Endowments Foster Strength

Article excerpt

Can Muslim Americans revive and enliven the institution of waqf?

CONQUERORS HAVE A WAY OF banishing even the best of works of the conquered. The British, after establishing themselves in the South Asian subcontinent in the 19th century, made two major changes to the educational system with long-lasting implications for Muslims. First, Arabic and Farsi were eliminated from the public curriculum in favor of English - causing an educated class to become illiterate overnight. Then, equally devastating was the takeover of the waqfs - lands endowed to Muslim educational institutions - starving them of their revenue streams.

Meanwhile, the U.S. adopted the Land Grant Act of 1 862 that endowed land grants to small colleges or established them with the grants. Today, some of our best public universities owe their existence and success to this piece of legislation. For example, the University of Texas system - with one of the largest endowments - was given tracts of land on which oil was later discovered, changing the system's fortune.

So, while one civilization floundered, another flourished, with endowments playing a critical role in each instance. The history of waqf (plural: awqaf) relates to the time of the Prophet Muhammad. The first waqf, the Quba Mosque in Madinah, built upon Prophet Muhammad's arrival in 622 CE, stands on the same lot with a new and enlarged structure. Shaykh Hamza Yusuf has noted that the 10 Companions who were promised Paradise are all said to have given endowments from their property.

Within the first three centuries of Islam (6th - 9th centuries CE), Muslim jurists developed the legal institution of the waqf as an unincorporated charitable trust. In classical Muslim societies, awqaf typically provided public goods, such as education, healthcare, water supply and highway facilities, and were considered a voluntary-based religious and charitable provision.

For centuries, a wqaf provided the only regular financial support for the madrasas - providers of higher education, mosques and bridges. There is growing academic evidence that the trust law developed in England at the time of the Crusades during the 12th and 13th centuries CE was introduced by Crusaders who may have been influenced by the waqfinstitutions they witnessed in the Middle East. For example, Oxford's Merton College (est. 1274 CE) was influenced by awqaf in Muslim societies. Imam Zaid Shakir famously noted: "Money has always underwritten intellectual power."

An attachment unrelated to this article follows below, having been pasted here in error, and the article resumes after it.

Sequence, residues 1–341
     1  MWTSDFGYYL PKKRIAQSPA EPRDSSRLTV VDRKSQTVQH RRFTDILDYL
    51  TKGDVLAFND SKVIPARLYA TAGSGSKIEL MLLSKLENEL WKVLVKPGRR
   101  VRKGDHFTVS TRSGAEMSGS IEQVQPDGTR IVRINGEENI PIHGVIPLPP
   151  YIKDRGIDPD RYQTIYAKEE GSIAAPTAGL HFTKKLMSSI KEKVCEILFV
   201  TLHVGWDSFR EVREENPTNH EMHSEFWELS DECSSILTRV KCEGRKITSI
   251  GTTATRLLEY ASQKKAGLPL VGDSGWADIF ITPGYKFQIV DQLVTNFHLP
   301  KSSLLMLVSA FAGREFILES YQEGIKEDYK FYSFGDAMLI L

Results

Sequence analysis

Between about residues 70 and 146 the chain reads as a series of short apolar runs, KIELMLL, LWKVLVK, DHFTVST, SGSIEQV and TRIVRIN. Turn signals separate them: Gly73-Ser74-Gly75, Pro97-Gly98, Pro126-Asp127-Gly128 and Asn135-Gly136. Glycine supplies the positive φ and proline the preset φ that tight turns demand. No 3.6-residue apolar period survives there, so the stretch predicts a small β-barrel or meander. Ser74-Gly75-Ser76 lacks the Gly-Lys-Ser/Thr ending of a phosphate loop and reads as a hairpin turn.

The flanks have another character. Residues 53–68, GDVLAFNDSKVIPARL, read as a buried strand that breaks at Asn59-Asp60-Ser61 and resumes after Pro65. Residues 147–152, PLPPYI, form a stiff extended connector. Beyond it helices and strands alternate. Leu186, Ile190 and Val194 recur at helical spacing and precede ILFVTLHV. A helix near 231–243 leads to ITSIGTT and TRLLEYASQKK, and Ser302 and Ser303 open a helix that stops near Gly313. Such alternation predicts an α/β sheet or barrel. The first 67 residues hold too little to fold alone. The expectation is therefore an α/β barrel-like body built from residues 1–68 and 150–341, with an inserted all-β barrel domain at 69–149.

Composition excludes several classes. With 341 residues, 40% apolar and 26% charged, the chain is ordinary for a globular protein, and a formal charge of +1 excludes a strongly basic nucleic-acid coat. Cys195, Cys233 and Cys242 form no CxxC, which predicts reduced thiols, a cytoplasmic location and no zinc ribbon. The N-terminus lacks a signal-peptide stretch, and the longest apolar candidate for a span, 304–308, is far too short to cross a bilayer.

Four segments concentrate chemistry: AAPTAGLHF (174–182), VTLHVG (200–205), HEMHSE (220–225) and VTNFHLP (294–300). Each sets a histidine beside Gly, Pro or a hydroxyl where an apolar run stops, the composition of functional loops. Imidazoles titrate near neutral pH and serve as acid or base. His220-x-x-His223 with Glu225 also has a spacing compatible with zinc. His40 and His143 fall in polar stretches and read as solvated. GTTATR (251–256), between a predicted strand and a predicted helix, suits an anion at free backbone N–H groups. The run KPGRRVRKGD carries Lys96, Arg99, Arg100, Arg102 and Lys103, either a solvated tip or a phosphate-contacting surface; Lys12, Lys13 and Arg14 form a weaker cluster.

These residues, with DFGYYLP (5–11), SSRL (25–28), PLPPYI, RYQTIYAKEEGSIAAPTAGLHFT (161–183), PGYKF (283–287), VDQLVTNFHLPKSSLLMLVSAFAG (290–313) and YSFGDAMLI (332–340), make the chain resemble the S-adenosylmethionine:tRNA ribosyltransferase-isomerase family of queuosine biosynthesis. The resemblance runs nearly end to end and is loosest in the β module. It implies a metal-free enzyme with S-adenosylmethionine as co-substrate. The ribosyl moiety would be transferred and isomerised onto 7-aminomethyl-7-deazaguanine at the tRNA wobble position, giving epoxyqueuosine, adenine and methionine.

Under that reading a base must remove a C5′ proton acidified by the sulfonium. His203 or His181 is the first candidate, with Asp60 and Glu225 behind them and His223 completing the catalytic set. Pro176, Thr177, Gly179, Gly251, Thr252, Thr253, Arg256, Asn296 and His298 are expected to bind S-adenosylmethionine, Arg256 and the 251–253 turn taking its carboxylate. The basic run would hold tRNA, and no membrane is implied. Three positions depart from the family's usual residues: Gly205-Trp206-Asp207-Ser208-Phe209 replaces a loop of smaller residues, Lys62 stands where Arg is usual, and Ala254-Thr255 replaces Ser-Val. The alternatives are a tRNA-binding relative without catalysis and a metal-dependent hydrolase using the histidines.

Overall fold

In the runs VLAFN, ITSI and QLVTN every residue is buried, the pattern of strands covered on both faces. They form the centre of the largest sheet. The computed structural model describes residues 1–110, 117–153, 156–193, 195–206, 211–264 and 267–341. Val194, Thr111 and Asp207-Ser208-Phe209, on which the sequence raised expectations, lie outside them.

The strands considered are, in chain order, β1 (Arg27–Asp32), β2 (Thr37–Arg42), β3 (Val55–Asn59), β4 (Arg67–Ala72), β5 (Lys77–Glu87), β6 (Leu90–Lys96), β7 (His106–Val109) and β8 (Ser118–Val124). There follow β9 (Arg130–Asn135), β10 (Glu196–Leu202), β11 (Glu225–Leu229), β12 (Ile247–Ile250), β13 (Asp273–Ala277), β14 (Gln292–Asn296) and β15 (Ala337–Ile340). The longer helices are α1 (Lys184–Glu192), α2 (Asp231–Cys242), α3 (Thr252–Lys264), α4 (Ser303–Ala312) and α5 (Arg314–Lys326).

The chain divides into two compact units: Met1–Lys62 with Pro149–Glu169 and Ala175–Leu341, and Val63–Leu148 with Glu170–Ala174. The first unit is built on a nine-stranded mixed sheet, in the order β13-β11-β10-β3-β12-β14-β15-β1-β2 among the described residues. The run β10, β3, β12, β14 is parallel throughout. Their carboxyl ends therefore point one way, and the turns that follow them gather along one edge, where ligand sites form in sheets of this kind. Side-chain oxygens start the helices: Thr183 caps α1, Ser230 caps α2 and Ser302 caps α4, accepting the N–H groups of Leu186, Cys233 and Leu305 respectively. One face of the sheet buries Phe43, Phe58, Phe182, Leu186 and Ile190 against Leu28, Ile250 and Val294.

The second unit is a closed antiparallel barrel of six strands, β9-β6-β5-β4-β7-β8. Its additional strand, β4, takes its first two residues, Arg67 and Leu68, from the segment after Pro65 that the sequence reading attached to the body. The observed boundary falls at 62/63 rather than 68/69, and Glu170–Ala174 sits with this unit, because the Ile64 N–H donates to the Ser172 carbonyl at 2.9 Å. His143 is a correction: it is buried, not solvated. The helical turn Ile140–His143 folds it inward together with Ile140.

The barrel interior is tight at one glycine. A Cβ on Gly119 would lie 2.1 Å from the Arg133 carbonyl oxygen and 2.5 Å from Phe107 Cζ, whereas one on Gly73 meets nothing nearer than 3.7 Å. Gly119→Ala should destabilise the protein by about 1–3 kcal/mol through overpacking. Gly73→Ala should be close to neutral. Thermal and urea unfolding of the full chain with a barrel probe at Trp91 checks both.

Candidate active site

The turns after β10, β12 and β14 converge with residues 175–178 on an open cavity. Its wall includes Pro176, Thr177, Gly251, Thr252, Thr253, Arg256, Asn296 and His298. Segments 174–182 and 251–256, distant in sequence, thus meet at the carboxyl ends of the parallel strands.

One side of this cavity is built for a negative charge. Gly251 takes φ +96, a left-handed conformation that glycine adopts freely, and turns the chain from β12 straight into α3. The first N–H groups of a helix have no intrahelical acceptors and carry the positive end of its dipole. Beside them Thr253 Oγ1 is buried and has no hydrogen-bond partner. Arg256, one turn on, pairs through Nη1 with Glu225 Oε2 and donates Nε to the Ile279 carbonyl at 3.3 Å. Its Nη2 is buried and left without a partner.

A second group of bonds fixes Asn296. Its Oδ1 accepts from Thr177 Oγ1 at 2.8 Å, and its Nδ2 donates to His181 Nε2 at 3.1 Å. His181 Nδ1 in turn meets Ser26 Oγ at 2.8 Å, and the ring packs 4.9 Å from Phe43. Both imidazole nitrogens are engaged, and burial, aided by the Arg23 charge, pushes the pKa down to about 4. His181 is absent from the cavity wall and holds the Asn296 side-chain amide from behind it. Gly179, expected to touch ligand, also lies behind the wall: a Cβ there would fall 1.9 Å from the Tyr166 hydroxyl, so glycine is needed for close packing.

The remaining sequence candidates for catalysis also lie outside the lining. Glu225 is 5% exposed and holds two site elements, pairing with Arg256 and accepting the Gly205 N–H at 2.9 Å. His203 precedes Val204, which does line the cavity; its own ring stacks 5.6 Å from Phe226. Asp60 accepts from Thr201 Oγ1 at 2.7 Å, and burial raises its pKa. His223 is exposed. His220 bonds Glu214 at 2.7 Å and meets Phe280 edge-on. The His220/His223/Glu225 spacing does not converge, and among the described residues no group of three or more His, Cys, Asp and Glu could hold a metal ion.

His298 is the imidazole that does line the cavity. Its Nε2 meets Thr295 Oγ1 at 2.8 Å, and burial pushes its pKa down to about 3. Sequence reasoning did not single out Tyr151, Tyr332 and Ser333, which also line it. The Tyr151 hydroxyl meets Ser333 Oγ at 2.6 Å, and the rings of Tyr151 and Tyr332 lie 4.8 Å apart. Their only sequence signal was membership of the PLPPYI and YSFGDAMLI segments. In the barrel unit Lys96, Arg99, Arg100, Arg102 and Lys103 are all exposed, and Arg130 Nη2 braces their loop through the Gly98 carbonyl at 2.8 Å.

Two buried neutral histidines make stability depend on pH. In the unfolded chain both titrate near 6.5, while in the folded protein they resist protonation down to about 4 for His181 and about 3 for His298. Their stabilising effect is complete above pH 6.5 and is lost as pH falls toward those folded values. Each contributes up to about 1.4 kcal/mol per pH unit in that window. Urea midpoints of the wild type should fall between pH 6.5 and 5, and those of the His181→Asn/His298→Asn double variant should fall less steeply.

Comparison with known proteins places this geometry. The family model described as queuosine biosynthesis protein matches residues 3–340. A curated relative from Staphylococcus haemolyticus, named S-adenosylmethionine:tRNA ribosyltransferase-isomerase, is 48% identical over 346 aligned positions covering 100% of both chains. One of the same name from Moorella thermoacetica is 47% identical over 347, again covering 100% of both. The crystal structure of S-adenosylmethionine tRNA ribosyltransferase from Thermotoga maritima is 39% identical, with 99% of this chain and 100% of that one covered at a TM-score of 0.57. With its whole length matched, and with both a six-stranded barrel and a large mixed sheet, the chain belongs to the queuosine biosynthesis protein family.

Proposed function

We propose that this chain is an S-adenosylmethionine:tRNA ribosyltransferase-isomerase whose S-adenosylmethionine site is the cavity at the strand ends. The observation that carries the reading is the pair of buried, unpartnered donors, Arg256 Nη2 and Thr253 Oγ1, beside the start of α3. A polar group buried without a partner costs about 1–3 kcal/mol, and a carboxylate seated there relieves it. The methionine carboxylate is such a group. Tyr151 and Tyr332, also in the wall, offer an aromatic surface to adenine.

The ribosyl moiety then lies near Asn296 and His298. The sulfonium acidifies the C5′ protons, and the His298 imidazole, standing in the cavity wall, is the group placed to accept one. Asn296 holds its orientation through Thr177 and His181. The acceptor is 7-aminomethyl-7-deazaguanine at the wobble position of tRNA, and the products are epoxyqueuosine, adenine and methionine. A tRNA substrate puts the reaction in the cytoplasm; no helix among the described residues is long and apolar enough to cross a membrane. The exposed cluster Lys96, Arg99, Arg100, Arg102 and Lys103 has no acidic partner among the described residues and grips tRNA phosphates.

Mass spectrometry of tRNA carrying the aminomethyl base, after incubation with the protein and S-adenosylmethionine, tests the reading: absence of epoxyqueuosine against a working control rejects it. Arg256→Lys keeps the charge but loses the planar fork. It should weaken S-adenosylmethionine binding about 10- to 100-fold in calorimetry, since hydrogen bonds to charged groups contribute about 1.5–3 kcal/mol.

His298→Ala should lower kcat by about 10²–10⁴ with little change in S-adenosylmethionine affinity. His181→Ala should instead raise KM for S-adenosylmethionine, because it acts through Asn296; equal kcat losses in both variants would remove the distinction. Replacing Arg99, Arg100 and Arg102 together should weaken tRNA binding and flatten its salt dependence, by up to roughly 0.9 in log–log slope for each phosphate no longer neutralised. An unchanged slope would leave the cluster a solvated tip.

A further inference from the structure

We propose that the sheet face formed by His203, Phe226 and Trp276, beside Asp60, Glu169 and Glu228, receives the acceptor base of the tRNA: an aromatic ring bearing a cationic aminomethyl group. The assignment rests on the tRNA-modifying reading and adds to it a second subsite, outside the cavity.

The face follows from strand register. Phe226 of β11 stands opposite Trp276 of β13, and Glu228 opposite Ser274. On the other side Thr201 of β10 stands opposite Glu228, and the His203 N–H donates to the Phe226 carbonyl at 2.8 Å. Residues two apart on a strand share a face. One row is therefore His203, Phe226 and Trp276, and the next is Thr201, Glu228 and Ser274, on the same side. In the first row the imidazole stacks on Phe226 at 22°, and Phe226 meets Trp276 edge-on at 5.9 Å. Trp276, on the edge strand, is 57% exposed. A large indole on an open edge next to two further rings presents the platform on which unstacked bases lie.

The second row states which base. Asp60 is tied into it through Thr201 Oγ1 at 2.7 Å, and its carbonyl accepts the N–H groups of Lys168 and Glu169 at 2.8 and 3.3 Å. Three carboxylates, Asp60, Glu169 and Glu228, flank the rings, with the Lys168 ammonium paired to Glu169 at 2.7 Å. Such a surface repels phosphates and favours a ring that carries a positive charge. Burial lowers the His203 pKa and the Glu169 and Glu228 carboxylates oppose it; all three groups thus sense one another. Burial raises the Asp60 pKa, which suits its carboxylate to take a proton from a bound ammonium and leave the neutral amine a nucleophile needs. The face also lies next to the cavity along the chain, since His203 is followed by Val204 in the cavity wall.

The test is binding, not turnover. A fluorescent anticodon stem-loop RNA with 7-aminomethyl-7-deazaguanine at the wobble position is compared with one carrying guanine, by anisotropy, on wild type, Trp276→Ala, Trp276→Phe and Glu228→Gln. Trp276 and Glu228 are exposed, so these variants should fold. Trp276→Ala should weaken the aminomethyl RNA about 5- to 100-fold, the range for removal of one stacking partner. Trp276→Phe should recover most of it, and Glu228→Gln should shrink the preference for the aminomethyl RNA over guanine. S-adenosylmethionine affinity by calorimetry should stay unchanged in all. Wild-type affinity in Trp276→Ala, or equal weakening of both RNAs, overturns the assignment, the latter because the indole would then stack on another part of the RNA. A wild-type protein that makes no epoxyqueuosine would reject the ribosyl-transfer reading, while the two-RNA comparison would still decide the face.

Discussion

An endowment, a fund kept in perpetuity, provides income (from its investments) for the benefit of a cause (Islamic education, for example) and/or an institution. Such funds are permanent assets which are invested to support an organization's activities. These can exist in different forms, such as cash, securities, or property. Typically, only a small portion of income is utilized annually to fund authorized projects. This payout ratio, which is less than the investment gain, helps preserve the capital.


Traditionally, awqaf were meant to support both public interests (waqf khairi) and a donors family interests (waqfahli). The family interests were besides Islamic inheritance rules. However, in the U.S., trusts typically manage family interests, while endowments and foundations support public institutions.


In the U.S., endowments are independent of any firm or governmental group. Like pension funds, qualified endowments are exempt from taxation. The Uniform Prudent Management of Institutional Funds Act (UPMIFA), promulgated in 2006, provides a comprehensive set of guidelines. It requires that endowment funds be prudently managed to preserve the purchasing power of the corpus. Faith-based and religious endowments may follow UPMIFA, but are not required. Endowment assets are listed on Form 990 filings with the IRS.


An endowment is a key element of longterm planning of an organization. …